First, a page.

Euphoria is a television series that focuses on a group of high school students as they deal with the issues of drugs, sex and violence. There are many mixed reviews of this programme, as whilst it does focus on the negative effects of a drug addiction such as anxiety, mood swings and depression, it also represents the feeling of being high. 

One of the bigger concerns about this show is the way in which it teaches young people methods of beating a urine drug test in a step-by-step tutorial. Such detailed information wasn’t crucial to the plot of the show and raises concerns about young people going to extreme lengths to conceal dangerous behaviours from trusted adults.

The Parents Television Council said: “What HBO is doing with this show is taking the most extreme conduct that a teenager can experience and normalising it. The content that children consume impacts their views and their behaviours. They are influenced — their conduct, values, and beliefs about society are shaped by what they consume in entertainment.”

On the other hand, some people defend the show, saying they would rather their teenagers see this and its negative effects than going out to experience it themselves. Others believe that somewhat normalising this type of behaviour makes those who are currently going through it feel less alone and able to start a conversation about what they’re struggling with.

When the Cameras Stop Rolling

Not only are there concerns about Hollywood glamourising drug abuse on the big screen, but off screen too, as the celebrity lifestyle revolves around partying, drugs and risky behaviour. For many celebrities, drugs and alcohol are used as vices to cope with the pressure and judgement that comes with constantly being under the spotlight.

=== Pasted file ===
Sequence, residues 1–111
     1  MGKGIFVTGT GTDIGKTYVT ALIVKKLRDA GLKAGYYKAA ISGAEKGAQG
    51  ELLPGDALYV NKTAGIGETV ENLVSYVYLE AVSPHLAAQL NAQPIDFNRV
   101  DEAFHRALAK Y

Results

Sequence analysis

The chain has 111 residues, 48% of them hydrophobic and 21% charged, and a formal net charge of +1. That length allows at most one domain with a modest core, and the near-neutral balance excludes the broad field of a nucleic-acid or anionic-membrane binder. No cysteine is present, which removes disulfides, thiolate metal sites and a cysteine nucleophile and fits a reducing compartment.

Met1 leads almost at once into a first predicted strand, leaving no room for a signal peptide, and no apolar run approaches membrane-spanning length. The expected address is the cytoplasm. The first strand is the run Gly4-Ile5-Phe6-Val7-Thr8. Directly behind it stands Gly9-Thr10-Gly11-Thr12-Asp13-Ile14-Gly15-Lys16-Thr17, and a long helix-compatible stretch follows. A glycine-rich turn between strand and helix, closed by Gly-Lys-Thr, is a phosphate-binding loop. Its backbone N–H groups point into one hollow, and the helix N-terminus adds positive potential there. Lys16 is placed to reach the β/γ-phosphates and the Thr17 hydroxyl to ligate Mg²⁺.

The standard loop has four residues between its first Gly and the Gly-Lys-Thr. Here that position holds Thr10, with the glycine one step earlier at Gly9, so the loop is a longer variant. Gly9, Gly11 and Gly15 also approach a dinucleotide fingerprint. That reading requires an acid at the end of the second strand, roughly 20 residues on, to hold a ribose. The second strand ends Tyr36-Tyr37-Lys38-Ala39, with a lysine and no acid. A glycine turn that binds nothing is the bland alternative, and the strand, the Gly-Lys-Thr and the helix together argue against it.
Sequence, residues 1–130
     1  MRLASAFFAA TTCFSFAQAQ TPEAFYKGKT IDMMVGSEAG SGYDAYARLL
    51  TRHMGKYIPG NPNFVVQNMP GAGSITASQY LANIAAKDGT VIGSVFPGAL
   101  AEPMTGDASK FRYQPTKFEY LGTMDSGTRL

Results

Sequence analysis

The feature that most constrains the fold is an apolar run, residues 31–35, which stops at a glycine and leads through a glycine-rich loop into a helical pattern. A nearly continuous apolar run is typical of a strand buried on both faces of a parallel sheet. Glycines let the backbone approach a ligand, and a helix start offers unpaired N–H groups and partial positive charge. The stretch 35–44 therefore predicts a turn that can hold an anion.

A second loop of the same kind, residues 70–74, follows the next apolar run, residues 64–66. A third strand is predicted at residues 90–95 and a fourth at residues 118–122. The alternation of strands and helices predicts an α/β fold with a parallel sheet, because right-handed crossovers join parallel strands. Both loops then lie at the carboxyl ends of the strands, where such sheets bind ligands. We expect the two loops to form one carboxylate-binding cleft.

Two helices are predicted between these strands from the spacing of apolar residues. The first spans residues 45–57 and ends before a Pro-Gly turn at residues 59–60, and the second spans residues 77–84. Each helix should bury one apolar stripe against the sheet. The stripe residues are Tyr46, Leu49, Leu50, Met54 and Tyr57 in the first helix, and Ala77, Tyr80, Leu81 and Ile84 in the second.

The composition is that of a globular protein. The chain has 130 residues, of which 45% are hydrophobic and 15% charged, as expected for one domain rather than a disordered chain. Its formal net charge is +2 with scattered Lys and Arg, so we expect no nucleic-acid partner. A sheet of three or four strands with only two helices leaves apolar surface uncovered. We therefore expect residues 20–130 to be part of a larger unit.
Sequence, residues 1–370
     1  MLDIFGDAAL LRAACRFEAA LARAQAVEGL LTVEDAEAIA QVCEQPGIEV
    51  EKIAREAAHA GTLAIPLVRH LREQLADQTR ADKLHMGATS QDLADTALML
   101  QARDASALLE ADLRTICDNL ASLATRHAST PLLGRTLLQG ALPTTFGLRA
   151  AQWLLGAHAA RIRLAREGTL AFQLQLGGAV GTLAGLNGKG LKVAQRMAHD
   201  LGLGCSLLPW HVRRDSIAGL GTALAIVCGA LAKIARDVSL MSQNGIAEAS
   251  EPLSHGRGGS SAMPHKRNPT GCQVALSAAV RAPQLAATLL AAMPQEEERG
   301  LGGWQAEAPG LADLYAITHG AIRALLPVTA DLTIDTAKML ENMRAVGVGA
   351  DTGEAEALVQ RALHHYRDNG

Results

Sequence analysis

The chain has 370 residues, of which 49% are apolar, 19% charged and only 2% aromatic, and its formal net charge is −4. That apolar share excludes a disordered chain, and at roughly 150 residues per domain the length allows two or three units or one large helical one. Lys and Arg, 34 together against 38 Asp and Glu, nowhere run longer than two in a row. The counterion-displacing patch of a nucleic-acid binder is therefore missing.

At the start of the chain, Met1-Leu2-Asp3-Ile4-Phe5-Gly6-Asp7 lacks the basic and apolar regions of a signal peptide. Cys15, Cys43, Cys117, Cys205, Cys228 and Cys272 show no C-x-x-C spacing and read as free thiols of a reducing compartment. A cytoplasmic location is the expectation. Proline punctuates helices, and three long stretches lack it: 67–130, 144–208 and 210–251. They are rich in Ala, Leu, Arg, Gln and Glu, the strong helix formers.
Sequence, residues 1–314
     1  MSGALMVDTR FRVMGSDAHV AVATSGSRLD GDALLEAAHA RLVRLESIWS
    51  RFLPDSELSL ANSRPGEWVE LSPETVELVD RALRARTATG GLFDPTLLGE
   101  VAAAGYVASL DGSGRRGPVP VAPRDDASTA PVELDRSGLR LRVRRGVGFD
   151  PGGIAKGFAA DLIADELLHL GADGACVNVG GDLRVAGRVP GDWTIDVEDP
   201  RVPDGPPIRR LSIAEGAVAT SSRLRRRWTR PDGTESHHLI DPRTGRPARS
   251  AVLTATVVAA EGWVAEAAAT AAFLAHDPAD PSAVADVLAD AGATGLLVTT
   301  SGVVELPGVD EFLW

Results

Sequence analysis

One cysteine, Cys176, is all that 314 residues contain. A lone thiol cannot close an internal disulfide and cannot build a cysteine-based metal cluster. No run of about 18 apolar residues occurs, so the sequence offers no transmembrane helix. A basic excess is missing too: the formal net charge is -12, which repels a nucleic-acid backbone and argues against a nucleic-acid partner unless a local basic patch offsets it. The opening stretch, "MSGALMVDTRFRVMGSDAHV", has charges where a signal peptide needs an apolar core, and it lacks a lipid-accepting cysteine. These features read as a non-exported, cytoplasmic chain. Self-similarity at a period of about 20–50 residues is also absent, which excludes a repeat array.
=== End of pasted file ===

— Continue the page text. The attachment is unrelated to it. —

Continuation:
Unfortunately, many people (teenagers in particular), look up to celebrities and idolise them and their behaviour, particularly as it is associated with success. Demi Lovato is one celebrity that has struggled with a drug and alcohol addiction for many years. 

In December 2013, she revealed the true extent of her addiction in an interview with Access Hollywood, claiming she would receive drugs from others in the industry, sneak drugs onto airplanes and use cocaine every thirty minutes. Having entered rehab on a number of occasions during her late teens, and once again following a relapse in 2018, Lovato calls for Hollywood to stop glamorising drugs, saying:

“I wish more people would lose the stigma and treat addiction as the deadly and serious DISEASE that it is. Drugs are not something to glamorise in pop music or film to portray as harmless recreational fun.”

Although drug and alcohol use is often glamorised by the entertainment industry, it doesn’t mean you must use them in your own life. It is important to educate yourself on the dangers of substance abuse and acknowledge your own influence on others whenever you post to social media.

If you are concerned that either yourself or a loved one are exhibiting addictive habits when it comes to drugs or alcohol, please don’t hesitate to get in touch with the Acquiesce team for a free consultation or to find out more about our programmes.